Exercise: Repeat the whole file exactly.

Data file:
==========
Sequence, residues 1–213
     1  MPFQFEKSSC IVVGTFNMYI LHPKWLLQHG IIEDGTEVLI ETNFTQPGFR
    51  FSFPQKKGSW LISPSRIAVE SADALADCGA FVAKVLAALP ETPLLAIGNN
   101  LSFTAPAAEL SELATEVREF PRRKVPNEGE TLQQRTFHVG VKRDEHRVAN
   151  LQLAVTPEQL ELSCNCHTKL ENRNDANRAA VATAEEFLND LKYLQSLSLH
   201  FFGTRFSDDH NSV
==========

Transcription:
Sequence, residues 1–213
     1  MPFQFEKSSC IVVGTFNMYI LHPKWLLQHG IIEDGTEVLI ETNFTQPGFR
    51  FSFPQKKGSW LISPSRIAVE SADALADCGA FVAKVLAALP ETPLLAIGNN
   101  LSFTAPAAEL SELATEVREF PRRKVPNEGE TLQQRTFHVG VKRDEHRVAN
   151  LQLAVTPEQL ELSCNCHTKL ENRNDANRAA VATAEEFLND LKYLQSLSLH
   201  FFGTRFSDDH NSV